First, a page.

A Movie Review – War Eagle Arkansas
Movie reviews this week looks at the biographical drama War Eagle Arkansas.
This is a fairly recent biographical tale made for the big screen, that tells the story of two boys living in a rural community, War Eagle, Arkansas. The title might elude to it being a war รีวิวหนัง
story but it is far from it.
It is a story of a charming disabled boy known affectionately as “Wheels” played brilliantly by Dan McCabe (The Cake Eaters), and his best friend Enoch who has a speech impediment (played impressively well by Luke Grimes [Ryan in Brothers and Sisters]). Enoch lives with his grandfather better known as “Pop”, played by the stalwart Brian Dennehy (Gladiator).
Pop is trying to get Enoch a baseball scholarship into one of the best sporting universities around their area, and it soon becomes obvious to the audience that Pop seems to have regretted giving up his dreams of being a major baseball star and staying in War Eagle, and he doesn’t want that for Enoch, but you are not quite sure if Enoch dreams are to leave War Eagle.
The friendship of the two boys is so close, that at the first few scenes you automatically assume that they are siblings, spending as much time in each other’s company as possible, and Enoch even gets to say the last word to Wheels, after his mother Jessie played by the ever brilliant Mary Kay Place (Adalene Grant in Big Love) gets him ready for bed.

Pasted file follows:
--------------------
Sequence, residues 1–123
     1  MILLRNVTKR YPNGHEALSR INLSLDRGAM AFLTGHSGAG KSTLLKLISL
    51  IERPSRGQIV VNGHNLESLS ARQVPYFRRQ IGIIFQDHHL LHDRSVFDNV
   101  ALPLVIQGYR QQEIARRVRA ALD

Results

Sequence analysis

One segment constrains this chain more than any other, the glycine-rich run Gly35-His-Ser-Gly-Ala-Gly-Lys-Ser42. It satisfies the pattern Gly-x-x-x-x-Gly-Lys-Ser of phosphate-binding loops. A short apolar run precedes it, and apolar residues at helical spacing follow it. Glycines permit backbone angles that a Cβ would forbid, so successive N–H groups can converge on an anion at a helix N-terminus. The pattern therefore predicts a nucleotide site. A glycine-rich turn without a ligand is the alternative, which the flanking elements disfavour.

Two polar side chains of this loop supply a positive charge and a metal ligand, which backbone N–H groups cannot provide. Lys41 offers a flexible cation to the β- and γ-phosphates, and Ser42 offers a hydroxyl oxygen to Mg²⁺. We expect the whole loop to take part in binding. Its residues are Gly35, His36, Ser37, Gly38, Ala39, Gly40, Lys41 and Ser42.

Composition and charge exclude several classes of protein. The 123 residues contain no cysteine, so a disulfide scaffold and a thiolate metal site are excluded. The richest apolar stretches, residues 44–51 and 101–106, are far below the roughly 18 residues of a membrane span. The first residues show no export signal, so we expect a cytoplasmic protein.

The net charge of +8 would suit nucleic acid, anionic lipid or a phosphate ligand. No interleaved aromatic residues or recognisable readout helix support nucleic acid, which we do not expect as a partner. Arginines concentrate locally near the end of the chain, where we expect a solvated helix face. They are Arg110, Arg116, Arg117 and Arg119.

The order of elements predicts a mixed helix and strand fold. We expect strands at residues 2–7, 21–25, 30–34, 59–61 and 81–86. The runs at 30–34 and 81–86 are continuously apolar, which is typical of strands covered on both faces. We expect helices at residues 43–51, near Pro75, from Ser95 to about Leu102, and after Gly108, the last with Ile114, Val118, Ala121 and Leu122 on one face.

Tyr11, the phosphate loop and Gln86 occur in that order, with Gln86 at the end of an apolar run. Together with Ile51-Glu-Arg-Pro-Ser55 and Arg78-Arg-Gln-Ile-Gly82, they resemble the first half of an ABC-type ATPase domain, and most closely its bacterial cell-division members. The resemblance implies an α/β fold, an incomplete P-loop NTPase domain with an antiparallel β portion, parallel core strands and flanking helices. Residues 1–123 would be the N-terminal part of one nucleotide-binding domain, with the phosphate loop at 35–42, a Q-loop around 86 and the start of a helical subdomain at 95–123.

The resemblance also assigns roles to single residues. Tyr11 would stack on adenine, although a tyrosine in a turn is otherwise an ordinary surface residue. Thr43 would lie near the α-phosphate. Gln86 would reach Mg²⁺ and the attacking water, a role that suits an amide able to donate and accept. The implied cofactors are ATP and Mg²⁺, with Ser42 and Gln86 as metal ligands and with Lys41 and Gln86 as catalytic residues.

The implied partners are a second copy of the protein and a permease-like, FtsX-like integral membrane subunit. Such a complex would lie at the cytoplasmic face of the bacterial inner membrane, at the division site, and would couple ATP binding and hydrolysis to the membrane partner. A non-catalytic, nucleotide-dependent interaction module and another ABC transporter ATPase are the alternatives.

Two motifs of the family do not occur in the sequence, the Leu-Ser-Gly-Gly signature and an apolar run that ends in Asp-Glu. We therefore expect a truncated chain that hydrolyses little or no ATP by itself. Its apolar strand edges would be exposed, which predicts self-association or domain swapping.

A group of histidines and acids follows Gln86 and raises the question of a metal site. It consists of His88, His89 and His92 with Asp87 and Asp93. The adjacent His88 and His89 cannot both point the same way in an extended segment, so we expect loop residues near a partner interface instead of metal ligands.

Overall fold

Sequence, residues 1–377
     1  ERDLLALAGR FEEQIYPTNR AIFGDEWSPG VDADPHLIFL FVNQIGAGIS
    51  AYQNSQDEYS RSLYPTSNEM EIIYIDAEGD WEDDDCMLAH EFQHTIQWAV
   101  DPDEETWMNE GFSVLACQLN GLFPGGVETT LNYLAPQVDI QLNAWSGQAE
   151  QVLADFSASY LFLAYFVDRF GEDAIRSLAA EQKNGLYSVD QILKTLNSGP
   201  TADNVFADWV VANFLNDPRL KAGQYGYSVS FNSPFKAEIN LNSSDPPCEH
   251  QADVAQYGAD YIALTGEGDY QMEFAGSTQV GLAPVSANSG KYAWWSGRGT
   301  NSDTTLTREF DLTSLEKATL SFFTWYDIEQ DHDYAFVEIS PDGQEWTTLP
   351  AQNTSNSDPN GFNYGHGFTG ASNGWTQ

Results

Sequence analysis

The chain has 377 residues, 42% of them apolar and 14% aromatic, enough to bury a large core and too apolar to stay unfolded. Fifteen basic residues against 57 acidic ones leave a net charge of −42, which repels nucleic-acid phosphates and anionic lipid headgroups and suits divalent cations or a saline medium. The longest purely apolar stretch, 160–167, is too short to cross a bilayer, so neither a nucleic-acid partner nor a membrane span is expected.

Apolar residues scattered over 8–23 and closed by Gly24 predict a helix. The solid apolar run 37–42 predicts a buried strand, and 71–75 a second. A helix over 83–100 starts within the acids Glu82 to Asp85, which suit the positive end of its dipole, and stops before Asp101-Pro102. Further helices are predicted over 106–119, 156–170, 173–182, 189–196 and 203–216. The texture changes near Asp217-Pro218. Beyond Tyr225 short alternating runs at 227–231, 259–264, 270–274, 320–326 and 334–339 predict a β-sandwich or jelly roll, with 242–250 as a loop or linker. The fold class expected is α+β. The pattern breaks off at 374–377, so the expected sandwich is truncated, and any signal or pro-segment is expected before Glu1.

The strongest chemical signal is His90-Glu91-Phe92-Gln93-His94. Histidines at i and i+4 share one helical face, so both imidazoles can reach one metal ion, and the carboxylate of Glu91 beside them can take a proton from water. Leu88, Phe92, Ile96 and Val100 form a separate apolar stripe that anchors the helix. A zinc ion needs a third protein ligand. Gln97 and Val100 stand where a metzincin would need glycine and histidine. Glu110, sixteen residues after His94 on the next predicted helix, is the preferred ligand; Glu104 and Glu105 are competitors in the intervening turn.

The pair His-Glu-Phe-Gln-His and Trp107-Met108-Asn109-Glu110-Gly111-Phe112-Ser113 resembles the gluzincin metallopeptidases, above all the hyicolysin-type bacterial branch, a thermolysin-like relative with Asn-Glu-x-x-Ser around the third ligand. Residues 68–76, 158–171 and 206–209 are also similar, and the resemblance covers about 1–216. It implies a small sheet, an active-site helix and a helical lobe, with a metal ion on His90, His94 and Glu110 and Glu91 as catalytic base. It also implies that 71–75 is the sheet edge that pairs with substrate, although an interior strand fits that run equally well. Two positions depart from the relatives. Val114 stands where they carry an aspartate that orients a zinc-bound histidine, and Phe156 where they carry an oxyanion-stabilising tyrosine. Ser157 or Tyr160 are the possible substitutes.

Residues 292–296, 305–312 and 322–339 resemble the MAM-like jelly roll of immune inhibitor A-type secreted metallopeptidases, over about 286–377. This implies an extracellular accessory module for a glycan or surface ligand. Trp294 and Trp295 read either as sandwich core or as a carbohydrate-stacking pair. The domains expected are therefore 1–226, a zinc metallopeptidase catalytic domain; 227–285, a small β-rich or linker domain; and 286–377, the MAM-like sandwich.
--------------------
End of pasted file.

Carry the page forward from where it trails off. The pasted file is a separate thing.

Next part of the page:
Pop is in charge of the local baseball team, and in his attempt to get Enoch a baseball scholarship, pushes him as best as he can, as he sees it there is nothing in this town, to keep him there. Apart from baseball, there is an allusion to watching wrestling on TV, and one can’t miss the obvious focus on Jerry “The King” Lawler, and can see the symbolism he represents as someone who made it out of war Eagle, Arkansas. There is the usual romantic interest as Enoch has the hots for a lovely girl, Abby played by the surprisingly young looking Misti Traya, and there are a few embarrassing moments for Enoch as he summons the courage to ask Abby out, but of course his speech impediment gets in the way, unless Wheels is by his side to speak for him, and in one painful scene, where Enoch tries to do it alone without Wheels, he leaves in a rush, as the words cannot come out and a few of Abby’s friends can’t help but giggle at his attempt. When he does eventually ask her out, the audience will feel the loneliness and pain Wheels feels, on a life he aspires for but is not realistic of seeing come true.